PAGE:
Updated: Jul 21
I sometimes think that certain people are born without a sense of fear—and if you couple that with artistic talent, you've got yourself a sensation. Take Bob Dylan, who dropped out of the University of Minnesota at 19 to move to New York and write songs that would define a generation. Take Erica Jong, who risked her literary career to pen an earth-shattering-for-its-day novel about women's sexual desires: Fear of Flying. Take Frida Kahlo, who stunned the art world
—and the decorum of the time—with her deeply personal depictions of the intense emotional pain of multiple miscarriages. Maybe it's not that they didn't experience the emotion of fear, maybe it's just that the desire to create art was so strong, so compelling, they were willing to give up the safety of livelihood, normality, and acceptance to bring their art to light. But what about the rest of us? What about those of us whose insecurities and paralyzing fears are so strong they bind us to our miserable day jobs, vanilla lifestyle, and dysfunctional sense of belonging?
Hundreds of books, TEDTalks, blogs and speeches have drilled into us the importance of acknowledging the fear inside us, but forging ahead anyway.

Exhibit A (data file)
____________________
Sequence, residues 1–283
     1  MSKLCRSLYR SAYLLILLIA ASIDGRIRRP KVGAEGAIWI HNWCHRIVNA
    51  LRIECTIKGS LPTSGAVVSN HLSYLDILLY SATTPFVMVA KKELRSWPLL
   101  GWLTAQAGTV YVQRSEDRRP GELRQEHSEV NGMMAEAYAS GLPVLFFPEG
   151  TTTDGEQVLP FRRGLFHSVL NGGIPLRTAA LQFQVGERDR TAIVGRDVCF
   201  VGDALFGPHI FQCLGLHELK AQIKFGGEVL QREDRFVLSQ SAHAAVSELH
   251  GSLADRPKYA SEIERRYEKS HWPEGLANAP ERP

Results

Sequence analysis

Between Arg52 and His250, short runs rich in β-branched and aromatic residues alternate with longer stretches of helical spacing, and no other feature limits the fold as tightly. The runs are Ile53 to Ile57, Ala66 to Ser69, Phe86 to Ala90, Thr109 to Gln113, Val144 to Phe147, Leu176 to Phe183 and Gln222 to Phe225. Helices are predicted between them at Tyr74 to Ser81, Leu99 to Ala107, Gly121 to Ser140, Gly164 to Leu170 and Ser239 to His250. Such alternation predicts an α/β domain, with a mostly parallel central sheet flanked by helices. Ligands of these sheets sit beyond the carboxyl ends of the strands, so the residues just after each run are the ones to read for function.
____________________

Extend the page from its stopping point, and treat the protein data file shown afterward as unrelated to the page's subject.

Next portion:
Author and Creativity Guru, Elizabeth Gilbert (of Eat, Pray, Love fame), advises in her book Big Magic to “make friends” with your fear, stating, “I made a decision a long time ago that if I want creativity in my life—and I do—then I will have to make space for fear. Plenty of space.” And, author Steven Pressfield opines in his treatise The War of Art, “Fear doesn't go away. The warrior and the artist live by the same code of necessity, which dictates that the battle must be fought anew every day”. And, social scientists Scott Barry Kaufman and Carolyn Gregoire’s book, Wired to Create argues that, “when it comes time to share his ideas, the nonconformist must then be able to control the fear response triggered by the possibility of failure and social isolation. He tempers his response, turning it into a more constructive emotion, like anger or pride, which can be fueled into creative work”.
With all due respect to these authors and social scientists, I completely disagree. We need not “make friends” with fear. We need not fight a daily “battle”. We need not transmute our fear into some other equally abhorrent emotion to “fuel” us. We need to feel safe. We need to feel absolutely, unequivocally, and unshakably safe to be ourselves, to be comfortable in our skins, to trust our instincts, to believe that what we have to say has value. I am here to tell you that possessing this feeling of groundedness and expansion sans fear—on a consistent basis—is 100% achievable. After a lifetime of crippling insecurity and living in a body that experienced severe trauma, I now feel incredibly safe to take creative risks—everything from starting a business to giving speeches to hundreds—and I have helped my clients achieve this sense of safety as well.